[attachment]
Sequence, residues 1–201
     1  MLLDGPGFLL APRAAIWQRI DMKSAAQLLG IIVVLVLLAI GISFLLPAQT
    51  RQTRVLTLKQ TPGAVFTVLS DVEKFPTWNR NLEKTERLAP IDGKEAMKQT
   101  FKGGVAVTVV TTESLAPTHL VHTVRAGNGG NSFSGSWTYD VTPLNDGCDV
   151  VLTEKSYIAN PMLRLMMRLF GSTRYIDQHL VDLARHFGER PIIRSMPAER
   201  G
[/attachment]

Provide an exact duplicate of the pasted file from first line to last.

Sequence, residues 1–201
     1  MLLDGPGFLL APRAAIWQRI DMKSAAQLLG IIVVLVLLAI GISFLLPAQT
    51  RQTRVLTLKQ TPGAVFTVLS DVEKFPTWNR NLEKTERLAP IDGKEAMKQT
   101  FKGGVAVTVV TTESLAPTHL VHTVRAGNGG NSFSGSWTYD VTPLNDGCDV
   151  VLTEKSYIAN PMLRLMMRLF GSTRYIDQHL VDLARHFGER PIIRSMPAER
   201  G